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Was the emergence of the international gold standard expected? Evidence from Indian Government securities

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  • Flandreau, Marc
  • Oosterlinck, Kim

Abstract

The emergence of the gold standard has for a long time been viewed as inevitable. We analyze agents' expectations using the spread between gold and silver bonds issued by the Indian government. We find that bimetallism was credible until France surprised markets by suspending domestic operation of bimetallism, triggering a run away from silver. Thereafter, markets began demanding a premium to hold silver bonds, indicating their belief that silver would depreciate in the future as more countries moved on gold.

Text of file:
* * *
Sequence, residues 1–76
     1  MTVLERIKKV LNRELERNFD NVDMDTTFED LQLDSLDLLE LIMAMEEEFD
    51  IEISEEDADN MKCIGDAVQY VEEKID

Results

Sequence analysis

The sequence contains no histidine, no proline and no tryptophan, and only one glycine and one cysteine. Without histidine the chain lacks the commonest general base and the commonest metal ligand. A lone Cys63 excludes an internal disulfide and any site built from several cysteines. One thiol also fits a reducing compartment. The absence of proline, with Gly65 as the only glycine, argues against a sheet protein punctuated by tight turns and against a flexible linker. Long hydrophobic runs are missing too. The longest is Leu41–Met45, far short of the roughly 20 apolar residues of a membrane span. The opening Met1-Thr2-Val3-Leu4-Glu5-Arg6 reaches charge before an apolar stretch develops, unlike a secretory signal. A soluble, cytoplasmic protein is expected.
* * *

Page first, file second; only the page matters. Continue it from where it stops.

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  • Flandreau, Marc & Oosterlinck, Kim, 2012. "Was the emergence of the international gold standard expected? Evidence from Indian Government securities," Journal of Monetary Economics, Elsevier, vol. 59(7), pages 649-669.
  • Handle: RePEc:eee:moneco:v:59:y:2012:i:7:p:649-669
    DOI: 10.1016/j.jmoneco.2012.09.001
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    Cited by:

    1. Jacopo Timini, 2017. "Currency unions and heterogeneous trade effects: the case of the latin monetary union," Working Papers 1739, Banco de España;Working Papers Homepage.
    2. Christopher M. Meissner, 2015. "The Limits of Bimetallism," NBER Working Papers 20852, National Bureau of Economic Research, Inc.
    3. Nils Herger, 2017. "Testing the interest parity condition with Irving Fisher's example of Indian rupee and sterling bonds in the London financial market (1869 - 1906)," Working Papers 17.04, Swiss National Bank, Study Center Gerzensee.

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